Ultramontanism

Ultramontanism was a school of thought of the Catholic Church which promoted supreme papal authority in matters of spirituality and governance. Ultramontanism rejected modern ideals in favour of the supremacy of Catholicism and the Catholic Church in public life. This school of thought was particularly influent in the French-Canadian society during the 19th century and the beginning of the 20th century.
Ultramontanism was a school of thought of the Catholic Church which promoted supreme papal authority in matters of spirituality and governance. Ultramontanism rejected modern ideals in favour of the supremacy of Catholicism and the Catholic Church in public life. This school of thought was particularly influent in the French-Canadian society during the 19th century and the beginning of the 20th century.


Jules-Paul Tardivel
Jules-Paul Tardivel, journalist, novelist (1851-1905). Until his death he devoted himself to his two lifelong obsessions: ultramontanism and nationalism.
Ignace Bourget, archibishop
Archbishop Ignace Bourget. Photo by Notman and Sandham, Montréal (courtesy Library and Archives Canada/C-15876).

Origins

In Canada and in Europe — mainly in France, where ultramontanism appeared during the Middle Ages and grew rapidly during the French Revolution —, its supporters criticized the separation of Church and state, as well as what they considered manifestations of modern liberalism. They pushed for the supremacy of the Catholic Church in both civil and religious matters. This school of thought was mainly characterized by its attachment to the Holy See’s authority and, as of 1870, by its faith in the Pope’s infallibility. The term “ultramontane” meant, literally, “beyond the mountains,” because the French Ultramontanes believed in the supremacy of the Vatican — which is located beyond the mountains of the Alps — over the local clergy.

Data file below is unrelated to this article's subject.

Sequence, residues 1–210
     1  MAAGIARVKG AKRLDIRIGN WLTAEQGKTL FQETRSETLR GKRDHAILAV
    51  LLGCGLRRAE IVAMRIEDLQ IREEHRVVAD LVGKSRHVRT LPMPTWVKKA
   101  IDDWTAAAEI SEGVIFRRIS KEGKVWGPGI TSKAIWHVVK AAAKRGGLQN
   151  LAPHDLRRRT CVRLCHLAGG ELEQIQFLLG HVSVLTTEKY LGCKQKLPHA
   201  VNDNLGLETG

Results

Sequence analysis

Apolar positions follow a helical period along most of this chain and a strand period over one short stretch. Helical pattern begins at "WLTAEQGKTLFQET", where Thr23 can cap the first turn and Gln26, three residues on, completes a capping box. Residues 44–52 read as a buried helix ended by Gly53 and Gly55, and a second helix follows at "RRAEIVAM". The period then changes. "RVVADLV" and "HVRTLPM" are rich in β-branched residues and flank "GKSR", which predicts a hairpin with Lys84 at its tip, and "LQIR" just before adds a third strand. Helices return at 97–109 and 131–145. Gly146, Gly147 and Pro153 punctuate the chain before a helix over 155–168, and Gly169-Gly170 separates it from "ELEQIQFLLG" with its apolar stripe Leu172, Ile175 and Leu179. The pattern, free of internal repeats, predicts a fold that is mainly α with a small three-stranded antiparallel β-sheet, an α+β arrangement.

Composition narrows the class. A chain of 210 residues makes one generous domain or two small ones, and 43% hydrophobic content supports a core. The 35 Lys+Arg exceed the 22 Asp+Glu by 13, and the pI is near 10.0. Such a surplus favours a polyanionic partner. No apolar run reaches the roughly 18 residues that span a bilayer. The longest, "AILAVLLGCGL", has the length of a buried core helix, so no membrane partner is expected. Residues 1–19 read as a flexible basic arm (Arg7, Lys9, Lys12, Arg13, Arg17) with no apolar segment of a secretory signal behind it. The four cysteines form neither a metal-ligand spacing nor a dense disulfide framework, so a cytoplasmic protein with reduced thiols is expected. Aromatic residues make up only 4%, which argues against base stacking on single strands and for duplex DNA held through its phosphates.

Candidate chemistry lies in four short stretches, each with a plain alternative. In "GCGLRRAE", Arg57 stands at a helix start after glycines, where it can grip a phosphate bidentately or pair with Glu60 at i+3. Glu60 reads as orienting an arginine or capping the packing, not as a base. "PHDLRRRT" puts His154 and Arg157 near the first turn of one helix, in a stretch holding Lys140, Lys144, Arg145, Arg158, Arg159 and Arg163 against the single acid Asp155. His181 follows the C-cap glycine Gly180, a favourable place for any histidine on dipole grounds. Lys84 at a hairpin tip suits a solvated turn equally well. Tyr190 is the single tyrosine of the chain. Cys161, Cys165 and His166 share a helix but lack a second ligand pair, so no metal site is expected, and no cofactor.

Ultramontanism was adopted in Canada in the 1820s, first in the Saint-Hyacinthe seminary under the strong influence of French priest Félicité de Lamennais, then in Montreal under that of its first Catholic bishop, Jean-Jacques Lartigue. The latter opposed the Gallican ideas and fought for the freedom of the Church and for religious supremacy in matters of education. His successor, Monseigneur Ignace Bourget, led the triumph of ultramontane ideas in all fields (theology, education, relations between Church and state, etc.) in Montreal and made them a major, albeit contested, part of the Catholic world in Canada.

Ideological Split

Ultramontanism grew strong in Canada, but faced a split at the end of the 1860s, following the Guibord Affair. Monseigneur Bourget, followed by Monseigneur Louis-François Laflèche, represented a group of extreme Ultramontanes who were more active within political institutions. This group fought for the immediate application of ultramontane principles, namely the Church’s supreme power over education matters, the reform of laws under canon law and the introduction of episcopate monitoring of civil legislation. Moderate Ultramontanes, like Joseph-Sabin Raymond, to whom the extremists referred as liberals, wished for a more prudent application of the Ultramontane principles and for compromise where necessary.

The extremists engaged conservative journalists and politicians, who advocated for a Catholic election platform as early as 1871 with the goal of guaranteeing the supremacy of the Church over politics. Over the following years, the extremists and supporters of the election platform led an anti-liberal crusade, which resulted in the creation of the Castors (“Beavers”) in 1882.

Influence

Ultramontanism dominated philosophy and theology teachings in small and large seminaries, the social doctrine of the Roman Catholic Church in Canada and several bishop directives from the second half of the 19th century until the 1950s.

Ultramontanist thought guided the ideals of important French Canadian nationalists who desired a self-sufficient society governed by the Church. The movement had a significant influence over the French-Canadian society and Maurice Duplessis’ reign as premier of Quebec. Ultramontanism fed traditional and conservative tendencies within the French-Canadian society, until the Quiet Revolution and the Second Vatican Council put an end to this influence.